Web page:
7. Boeing 747-8 Lufthansa New Livery (03891) 1:144 Revell At the end of September 1968, Boeing revealed to gathered crowds at its Everett factory, an aircraft that would forever change the world of air travel. Taking advantage of the new generation of high by-pass turbofan engines capable of huge power output compared to the previously available power units, Boeing unveiled the B747 which would become affectionately known as the ‘Jumbo Jet’ due to its immense proportions. Designs for the new Boeing747 had actually been started three years earlier when engineer Joe Sutter approached the airlines to discuss their proposals with the companies that would actually buy the aircraft, and it was to be the Pan Am CEO, Juan Trippe, that had the greatest influence in the final design. Although intended from the outset to be a passenger aircraft, it was decided early in the design phase to ensure that the aircraft should be easily adaptable to a freighter; a decision that was to prove fortunate in later years. The original high wing designs were discounted in favour of the more popular low wing position, and at the request of Juan Trippe, various options in upper deck layouts were explored. These designs led to the now familiar ‘hump’, a feature that in no way detracts from the graceful lines of the aircraft that was finally rolled out at the end of September 1968, and provided the airlines with the first jet powered airliner capable of carrying more than 400 passengers. Over the next three decades, the original design was further modified by the enlargement of the upper deck and the introduction of improved engines and avionics. Probably the most radical change made to the airframe was with the introduction of the 747SP which featured a significantly shorter fuselage and a re-designed wing targeted at the short to medium haul and high density routes. In 1988, Boeing rolled out yet another variant in the shape of the -400 series, but it was not until November 2005 that the subject of this kit, the Boeing 747-8 family was launched. Incorporating advanced technology developed for the 787 Dreamliner, the first -8 model to fly was the freighter with Cargolux being the launch customer and taking delivery of its first aircraft in February of 2010. The 747-8i, the passenger version, made its maiden flight in March of the following year with the first delivery to an undisclosed private customer made in February 2012. Lufthansa, the original launch customer took delivery of their first aircraft in April of the same year. On June 28th. 2014. Boeing reached a significant milestone when the deliveries of the 747 totalled 1,500 aircraft. Deliveries of the 747-8 have been relatively slow with only just over 150 examples of both the freighter and passenger version ordered with only three national carriers taking options on the passenger version at the time of writing. (Preamble text courtesy of @stringbag) The Kit This is a reboxing of Revell's well-liked 2012 era 747 kit with a newly tooled -8i fuselage and new decals depicting the new, modern livery that was first unveiled in May 2018. Inside the top-opening box (yes, you read that right) are two fuselage parts, seven sprues of white styrene, three clear sprues, a long sheet of decals and the instruction booklet. The model is well-detailed, with fine engine components, engraved panel lines, landing gear bays and even a cockpit part, with the copyright marking on the inner wing showing 2012. The fuselage has open windows along the side, with clear parts that are applied inside, so if you plan on using alternate solid porthole decals (some folks do), you'll need to fill and smooth them out. It's probably not all that often a civilian aircraft review starts with the words "construction begins with the cockpit", but this one does. There is a tub that includes seats and instrument coaming moulded-in, plus a rear bulkhead with crew door moulded-in, which you are instructed to paint up with basic colours. If you're building it with the wheels down, you'll need to build the gear bays, which have some nice ribbing detail moulded-in, and add the landing gear legs, which are really well-detailed for the scale, with brake detail and retraction jacks worthy of a larger scale. The windows, gear bays and the cockpit tub are all inserted into the fuselage halves which are then joined together, with a short bulkhead slipped into the wing root area to prevent the weight of the wings from pulling the seams apart later. The underside is covered up by an insert which surrounds the main gear bays, and closes over those areas that are normally shut on the ground with additional parts. The wings have clear light inserts in the root, which are installed before the halves are brought together, with a standard tab and slot fixture to the fuselage, which is repeated on the elevators on a smaller scale. The wings need their flap actuator housings adding, which are all separate parts made up from two halves each, and you will need to take care to get the correct one in the proper recess. The engines are made up from a pair of fans on a central spindle, which is slid into the aft section of the engine which has another set of blades moulded into the rear. The fans can be left mobile by carefully gluing the retaining ring in place, which is then hidden by the tail cone, and then further enclosed in the outer housing with the single-piece intake lip and the two different sized zig-zag exhaust lips that are there to reduce exhaust noises. The engines are all handed, so take care with construction again, as the strake on the bypass housing faces the fuselage. The outboard main wheels are added at the same time as the engines, and then it's just a case of adding some aerials, the main wheels and their brake assemblies, gear bay doors, and the clear glazing for the cockpit. Instructions are also given for the installation of the bay doors for an in-flight model, which requires a little cutting of the parts, but nothing too taxing for even a novice modeller. As an addition, a three-part stand is included on the sprues, which fits between the landing gear into some holes in the belly. A nice addition that will allow you to sprinkle a few smaller models around the 747 on your display shelf. Markings The new livery is a simple tail-band that you will have to mask and paint, with the Lufthansa logo on the tail, and the name on the familiar hump behind the cockpit. The windscreen, window frames and doorframe decals are also included, plus many, many lengths of walkway markings for the gargantuan wings and tail surfaces. A dark blue swatch of the correct colour for the dark blue is included for reference on the sheet, and as usual the colour call-outs are using Revell's own paints with the blue being a 90%/10% mix of gloss midnight blue and black. If you're mixing your paint for this task, it's always best to mix too much and store the spare paint in an empty pot until the project is finished, in case touch-ups are needed at any point. Conclusion It's a great modern tooling of the still-impressive former holder of the largest passenger aircraft trophy, and these new decals will look splendid on a well-painted model. A cockpit and gear bays are good to see, all of which adds extra realism to the model. Highly recommended. Revell model kits are available from all good toy and model retailers. For further information visit or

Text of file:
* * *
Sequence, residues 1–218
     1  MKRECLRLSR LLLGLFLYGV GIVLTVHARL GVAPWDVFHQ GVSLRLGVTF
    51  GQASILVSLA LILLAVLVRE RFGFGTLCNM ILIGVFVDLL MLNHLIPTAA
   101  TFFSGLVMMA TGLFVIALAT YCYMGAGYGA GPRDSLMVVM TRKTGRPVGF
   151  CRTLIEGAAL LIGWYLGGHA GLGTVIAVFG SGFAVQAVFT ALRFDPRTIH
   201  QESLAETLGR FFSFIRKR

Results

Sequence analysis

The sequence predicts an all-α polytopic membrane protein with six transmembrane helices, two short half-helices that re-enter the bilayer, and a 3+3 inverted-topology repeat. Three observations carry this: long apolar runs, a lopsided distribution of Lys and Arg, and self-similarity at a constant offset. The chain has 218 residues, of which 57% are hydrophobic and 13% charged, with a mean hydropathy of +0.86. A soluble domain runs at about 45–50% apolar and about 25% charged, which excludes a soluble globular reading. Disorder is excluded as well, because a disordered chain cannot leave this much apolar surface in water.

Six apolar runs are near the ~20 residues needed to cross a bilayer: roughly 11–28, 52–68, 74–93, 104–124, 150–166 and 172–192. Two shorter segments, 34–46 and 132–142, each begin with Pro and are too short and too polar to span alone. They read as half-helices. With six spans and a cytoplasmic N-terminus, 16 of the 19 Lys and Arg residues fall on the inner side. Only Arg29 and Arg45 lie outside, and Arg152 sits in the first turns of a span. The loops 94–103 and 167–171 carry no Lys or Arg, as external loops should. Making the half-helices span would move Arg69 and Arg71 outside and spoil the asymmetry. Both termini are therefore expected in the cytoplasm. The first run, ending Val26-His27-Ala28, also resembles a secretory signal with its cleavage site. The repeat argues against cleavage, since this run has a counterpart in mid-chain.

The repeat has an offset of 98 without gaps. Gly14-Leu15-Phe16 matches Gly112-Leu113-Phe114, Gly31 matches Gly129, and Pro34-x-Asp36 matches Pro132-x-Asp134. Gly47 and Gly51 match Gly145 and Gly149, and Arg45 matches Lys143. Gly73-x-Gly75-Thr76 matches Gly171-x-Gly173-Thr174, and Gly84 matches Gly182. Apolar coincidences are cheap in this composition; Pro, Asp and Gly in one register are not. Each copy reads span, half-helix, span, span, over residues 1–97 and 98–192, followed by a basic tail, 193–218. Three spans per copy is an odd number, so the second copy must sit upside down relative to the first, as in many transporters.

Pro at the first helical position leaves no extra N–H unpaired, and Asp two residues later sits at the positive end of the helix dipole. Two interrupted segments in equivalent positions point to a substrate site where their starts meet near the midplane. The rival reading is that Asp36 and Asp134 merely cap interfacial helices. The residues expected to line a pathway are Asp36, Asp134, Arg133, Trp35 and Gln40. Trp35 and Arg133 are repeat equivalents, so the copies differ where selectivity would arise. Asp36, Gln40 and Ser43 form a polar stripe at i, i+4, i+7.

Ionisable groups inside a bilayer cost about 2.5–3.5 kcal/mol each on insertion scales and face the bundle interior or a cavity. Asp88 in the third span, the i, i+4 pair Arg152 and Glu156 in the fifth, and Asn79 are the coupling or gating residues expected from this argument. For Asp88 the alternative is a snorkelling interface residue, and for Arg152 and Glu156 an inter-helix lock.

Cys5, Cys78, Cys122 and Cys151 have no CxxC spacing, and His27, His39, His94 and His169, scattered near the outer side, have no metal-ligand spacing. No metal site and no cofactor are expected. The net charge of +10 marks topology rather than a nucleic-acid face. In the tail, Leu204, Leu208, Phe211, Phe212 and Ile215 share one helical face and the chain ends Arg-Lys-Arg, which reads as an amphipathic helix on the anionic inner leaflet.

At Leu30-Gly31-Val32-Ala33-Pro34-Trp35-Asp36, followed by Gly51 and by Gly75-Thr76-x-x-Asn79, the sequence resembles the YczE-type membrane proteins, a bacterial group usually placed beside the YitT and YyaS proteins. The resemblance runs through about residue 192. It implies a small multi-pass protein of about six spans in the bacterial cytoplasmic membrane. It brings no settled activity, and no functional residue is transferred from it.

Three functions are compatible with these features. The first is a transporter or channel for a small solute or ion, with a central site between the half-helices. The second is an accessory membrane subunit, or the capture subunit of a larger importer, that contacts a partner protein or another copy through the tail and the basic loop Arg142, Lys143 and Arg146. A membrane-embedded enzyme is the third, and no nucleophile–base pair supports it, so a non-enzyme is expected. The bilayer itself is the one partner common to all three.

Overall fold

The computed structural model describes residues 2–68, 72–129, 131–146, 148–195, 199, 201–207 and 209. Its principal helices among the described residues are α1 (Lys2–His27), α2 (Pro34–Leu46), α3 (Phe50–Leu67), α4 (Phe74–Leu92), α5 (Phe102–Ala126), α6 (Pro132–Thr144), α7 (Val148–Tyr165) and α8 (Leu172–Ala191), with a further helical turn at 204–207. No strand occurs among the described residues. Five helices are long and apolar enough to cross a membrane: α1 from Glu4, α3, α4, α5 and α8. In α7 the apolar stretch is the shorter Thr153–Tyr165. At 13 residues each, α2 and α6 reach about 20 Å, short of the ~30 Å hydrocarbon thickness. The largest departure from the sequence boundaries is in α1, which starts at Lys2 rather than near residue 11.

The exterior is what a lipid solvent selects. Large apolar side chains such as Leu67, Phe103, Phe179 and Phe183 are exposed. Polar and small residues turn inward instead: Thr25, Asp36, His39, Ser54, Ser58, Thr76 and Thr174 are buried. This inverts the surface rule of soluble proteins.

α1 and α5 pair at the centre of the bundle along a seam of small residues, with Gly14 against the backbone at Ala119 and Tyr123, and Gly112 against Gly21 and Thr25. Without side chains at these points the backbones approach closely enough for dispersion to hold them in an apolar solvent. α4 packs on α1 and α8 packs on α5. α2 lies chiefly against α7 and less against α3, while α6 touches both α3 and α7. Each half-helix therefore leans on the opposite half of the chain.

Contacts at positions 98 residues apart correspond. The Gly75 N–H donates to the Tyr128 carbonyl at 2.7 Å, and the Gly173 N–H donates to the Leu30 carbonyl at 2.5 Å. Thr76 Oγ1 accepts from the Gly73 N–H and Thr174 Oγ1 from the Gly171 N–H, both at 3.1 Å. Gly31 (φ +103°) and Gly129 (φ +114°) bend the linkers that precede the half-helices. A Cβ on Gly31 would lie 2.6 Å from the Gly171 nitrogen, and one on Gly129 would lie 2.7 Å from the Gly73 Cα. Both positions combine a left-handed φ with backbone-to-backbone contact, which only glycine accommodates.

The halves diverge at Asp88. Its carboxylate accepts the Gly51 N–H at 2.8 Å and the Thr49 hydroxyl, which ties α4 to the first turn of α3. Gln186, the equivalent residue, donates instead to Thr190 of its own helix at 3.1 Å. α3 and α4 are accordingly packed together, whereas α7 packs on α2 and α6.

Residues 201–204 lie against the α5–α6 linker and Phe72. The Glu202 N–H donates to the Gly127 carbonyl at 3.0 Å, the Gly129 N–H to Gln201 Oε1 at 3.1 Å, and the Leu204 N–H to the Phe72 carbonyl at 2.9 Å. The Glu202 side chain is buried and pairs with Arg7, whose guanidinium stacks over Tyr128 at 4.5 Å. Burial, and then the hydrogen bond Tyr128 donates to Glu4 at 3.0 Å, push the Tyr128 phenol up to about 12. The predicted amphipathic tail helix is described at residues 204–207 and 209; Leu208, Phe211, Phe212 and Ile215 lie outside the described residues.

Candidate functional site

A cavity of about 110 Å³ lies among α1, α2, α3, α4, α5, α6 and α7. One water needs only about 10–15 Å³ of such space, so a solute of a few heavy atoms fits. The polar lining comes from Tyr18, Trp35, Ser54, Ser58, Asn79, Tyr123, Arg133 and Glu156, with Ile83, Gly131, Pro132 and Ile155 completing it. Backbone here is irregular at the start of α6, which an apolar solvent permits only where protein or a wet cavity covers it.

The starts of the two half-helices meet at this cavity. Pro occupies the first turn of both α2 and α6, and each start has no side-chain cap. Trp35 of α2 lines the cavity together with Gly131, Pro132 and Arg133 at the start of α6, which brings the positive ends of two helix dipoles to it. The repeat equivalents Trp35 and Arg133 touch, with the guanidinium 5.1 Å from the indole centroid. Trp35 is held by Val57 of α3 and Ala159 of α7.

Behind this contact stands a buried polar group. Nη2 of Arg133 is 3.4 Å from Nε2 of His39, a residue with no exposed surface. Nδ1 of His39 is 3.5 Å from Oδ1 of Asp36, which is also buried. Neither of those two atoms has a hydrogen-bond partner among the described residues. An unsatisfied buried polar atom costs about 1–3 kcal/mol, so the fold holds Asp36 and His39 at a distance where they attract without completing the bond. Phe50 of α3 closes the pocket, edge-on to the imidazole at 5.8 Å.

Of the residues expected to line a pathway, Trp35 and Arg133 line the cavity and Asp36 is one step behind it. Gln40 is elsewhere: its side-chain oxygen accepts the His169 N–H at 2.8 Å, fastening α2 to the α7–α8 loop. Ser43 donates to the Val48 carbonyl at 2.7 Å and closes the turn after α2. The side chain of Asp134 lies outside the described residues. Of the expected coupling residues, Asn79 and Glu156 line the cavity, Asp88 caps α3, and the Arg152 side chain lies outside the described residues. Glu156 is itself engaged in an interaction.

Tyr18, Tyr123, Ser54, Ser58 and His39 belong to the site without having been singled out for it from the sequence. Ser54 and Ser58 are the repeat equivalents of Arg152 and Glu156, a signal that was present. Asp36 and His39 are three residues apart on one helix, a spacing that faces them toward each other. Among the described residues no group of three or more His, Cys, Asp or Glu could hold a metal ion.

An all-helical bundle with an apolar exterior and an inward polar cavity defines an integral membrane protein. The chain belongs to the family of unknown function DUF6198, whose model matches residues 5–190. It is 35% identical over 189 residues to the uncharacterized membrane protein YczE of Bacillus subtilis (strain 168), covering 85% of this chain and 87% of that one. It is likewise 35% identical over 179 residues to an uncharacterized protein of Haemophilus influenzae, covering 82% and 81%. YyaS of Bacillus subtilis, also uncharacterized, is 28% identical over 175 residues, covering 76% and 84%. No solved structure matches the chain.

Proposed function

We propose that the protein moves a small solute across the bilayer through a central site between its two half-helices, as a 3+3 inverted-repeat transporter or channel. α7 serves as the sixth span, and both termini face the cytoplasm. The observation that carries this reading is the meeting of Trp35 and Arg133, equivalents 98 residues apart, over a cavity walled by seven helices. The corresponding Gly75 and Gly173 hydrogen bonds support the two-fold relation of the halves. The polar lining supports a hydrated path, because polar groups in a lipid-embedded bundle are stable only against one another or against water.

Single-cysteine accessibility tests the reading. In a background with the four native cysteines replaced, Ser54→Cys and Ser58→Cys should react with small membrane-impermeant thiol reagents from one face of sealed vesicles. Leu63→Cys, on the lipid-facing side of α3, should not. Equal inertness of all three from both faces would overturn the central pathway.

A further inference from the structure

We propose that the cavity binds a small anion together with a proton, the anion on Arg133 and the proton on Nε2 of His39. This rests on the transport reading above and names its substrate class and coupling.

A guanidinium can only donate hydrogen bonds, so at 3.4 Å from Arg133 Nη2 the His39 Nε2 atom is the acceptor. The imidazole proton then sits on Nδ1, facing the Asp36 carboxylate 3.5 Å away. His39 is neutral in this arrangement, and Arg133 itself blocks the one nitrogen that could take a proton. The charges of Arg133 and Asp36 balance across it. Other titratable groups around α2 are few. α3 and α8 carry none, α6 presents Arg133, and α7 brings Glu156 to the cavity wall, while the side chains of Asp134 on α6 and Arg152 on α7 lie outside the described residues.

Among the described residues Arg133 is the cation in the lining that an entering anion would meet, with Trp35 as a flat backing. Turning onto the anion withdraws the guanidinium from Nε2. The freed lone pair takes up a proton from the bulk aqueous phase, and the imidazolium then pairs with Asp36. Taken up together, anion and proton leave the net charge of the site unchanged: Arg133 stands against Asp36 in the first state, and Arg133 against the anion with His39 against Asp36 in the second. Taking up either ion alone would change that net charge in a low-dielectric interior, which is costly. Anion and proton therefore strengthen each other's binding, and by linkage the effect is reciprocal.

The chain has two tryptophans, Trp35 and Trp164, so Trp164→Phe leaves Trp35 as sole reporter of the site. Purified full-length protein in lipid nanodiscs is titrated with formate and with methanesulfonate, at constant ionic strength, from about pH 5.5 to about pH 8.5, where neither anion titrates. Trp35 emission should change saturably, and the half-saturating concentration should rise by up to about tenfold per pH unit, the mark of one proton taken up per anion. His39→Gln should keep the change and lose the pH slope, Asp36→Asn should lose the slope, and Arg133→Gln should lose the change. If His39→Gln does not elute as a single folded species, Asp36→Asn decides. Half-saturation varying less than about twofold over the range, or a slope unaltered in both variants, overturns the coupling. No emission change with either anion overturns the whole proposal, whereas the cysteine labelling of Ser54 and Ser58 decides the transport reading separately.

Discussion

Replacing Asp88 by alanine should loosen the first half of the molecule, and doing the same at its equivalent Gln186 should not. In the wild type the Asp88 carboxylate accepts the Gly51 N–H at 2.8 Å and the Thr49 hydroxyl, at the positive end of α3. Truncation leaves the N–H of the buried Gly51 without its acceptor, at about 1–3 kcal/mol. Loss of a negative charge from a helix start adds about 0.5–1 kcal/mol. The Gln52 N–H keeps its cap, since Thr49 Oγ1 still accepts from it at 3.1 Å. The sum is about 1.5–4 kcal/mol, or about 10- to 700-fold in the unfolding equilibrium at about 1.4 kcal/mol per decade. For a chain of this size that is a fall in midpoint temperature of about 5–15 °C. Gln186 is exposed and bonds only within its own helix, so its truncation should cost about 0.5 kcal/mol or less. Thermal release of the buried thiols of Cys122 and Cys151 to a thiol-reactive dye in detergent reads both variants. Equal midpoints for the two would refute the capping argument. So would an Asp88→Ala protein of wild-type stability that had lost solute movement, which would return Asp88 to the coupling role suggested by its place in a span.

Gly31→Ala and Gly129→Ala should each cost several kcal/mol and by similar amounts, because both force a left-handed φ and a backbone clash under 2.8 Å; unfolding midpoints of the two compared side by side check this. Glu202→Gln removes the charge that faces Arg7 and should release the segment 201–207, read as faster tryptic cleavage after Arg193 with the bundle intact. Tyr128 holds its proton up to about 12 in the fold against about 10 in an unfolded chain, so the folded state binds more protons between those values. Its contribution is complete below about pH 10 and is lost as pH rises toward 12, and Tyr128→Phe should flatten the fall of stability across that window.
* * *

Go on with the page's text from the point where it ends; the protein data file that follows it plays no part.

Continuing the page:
8. They do look identical even down to the accessories, but at £50 plus shipping, the DSPIAE branded ones at £26.80 delivered when I bought them start to look excellent value